Readers will find in Krauthammer an eloquent champion of Jewishness as something to be cherished and of Israel as its bastion.  Jews and non-Jews alike will do well to understand the viewpoint.  Although those who dispute it will do so on many grounds, for our commentary here it will suffice to make two observations.  The first is that Krauthammer is doing what peoples of a certain religion or ethnicity often do quite understandably, which is to identify themselves with their own group even when that involves a preference over a broader society to which they belong.  Krauthammer is an American, but the essay shows that first and foremost he sees himself as a Jew.  An ideal throughout American history (until the emergence of a competing “multiculturalist” ideology) has been that of a “melting pot” into which the varied immigrant groups would assimilate.  There was a strong tradition of accepting immigrants provided they blended into the cultural mainstream.  Theodore Roosevelt, for example, excoriated the idea of a “hyphenated American,” insisting that all should become simply “American.”  In what we have just quoted, however, Krauthammer stands foursquare against what he sees as an insidious process of Jewish assimilation into American or European life. 

There is an interesting footnote to this: At one time, gentiles in the United States resisted Jewish assimilation, such as by not allowing Jews to belong to their country clubs and the like.  This has long been seen as vicious bigotry.  Now, we find a champion of Jewishness who sees assimilation as immensely destructive, and Jewish exclusivity as a good, which might seem to put him on the side of the very gentiles who wanted a separation.  American society during the past seventy years has, however, found a way out of this embarrassment – by establishing the double standard by which all minorities (and women, who are seen as a minority even though they are not) can have their own exclusive groups while the “majority” may not.  (Many of us today won’t live long enough to see whether those in the “majority” today are permitted to have their own exclusivity once the American demographic has changed enough to count them among the minorities.  The double standard, which is a creature of partisan ideology, may well evolve in a new direction.)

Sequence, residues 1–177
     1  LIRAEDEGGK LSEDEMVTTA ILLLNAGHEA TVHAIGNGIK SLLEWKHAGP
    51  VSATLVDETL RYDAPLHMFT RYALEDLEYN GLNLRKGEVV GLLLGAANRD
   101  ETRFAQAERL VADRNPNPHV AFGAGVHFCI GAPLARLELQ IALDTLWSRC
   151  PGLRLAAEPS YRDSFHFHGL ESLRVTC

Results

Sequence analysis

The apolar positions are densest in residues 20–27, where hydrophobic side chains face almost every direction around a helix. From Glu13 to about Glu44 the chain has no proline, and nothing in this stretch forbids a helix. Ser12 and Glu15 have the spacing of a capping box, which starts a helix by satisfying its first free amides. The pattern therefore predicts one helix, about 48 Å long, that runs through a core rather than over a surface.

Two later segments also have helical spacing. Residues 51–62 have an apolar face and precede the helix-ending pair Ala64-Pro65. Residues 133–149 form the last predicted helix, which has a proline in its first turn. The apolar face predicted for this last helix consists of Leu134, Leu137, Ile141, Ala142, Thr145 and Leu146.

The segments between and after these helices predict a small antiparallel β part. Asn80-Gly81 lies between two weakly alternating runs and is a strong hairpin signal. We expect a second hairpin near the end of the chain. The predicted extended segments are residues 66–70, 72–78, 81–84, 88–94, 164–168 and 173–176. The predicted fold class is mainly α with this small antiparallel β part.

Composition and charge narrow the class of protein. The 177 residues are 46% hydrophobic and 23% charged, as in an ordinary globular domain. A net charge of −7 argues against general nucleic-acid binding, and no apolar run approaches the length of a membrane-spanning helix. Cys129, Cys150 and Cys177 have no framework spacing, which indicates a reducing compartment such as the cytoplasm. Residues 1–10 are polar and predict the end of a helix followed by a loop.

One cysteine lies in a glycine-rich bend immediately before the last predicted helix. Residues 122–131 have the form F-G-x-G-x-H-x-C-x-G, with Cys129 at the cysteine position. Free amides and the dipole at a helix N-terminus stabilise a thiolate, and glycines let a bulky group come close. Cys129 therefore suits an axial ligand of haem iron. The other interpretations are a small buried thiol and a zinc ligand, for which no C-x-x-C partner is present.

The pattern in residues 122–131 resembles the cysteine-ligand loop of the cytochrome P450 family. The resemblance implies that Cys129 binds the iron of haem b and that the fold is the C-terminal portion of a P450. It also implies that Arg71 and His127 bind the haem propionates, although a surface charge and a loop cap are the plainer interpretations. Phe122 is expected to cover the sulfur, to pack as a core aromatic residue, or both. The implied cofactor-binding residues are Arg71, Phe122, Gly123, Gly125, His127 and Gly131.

Our second observation is that Krauthammer’s devotion to Israel is almost certainly an important reason for his favoring American intervention throughout the Middle East to recast the Islamic nations, as he says, into pro-Western secular democracies “in the Islamic crescent stretching from North Africa to Afghanistan”.  There are others, however, who support such interventions on other grounds, including a concern about repulsing the aggressive impulses within Islam.  It is reasonable to suppose that a regard for Israel’s survival ranks high among the reasons for an interventionist policy.  If the question were asked “Is it in the national interest of the United States to attempt forcibly to remake Islamic societies?,”  Krauthammer would no doubt say yes.

 

The topics we have chosen are merely a few of the subjects covered by Krauthammer’s columns and essays.  We highly recommend the book for those who covet good writing and welcome mental interaction with someone who is reasonable in tone and acutely perceptive.

 

Dwight D. Murphey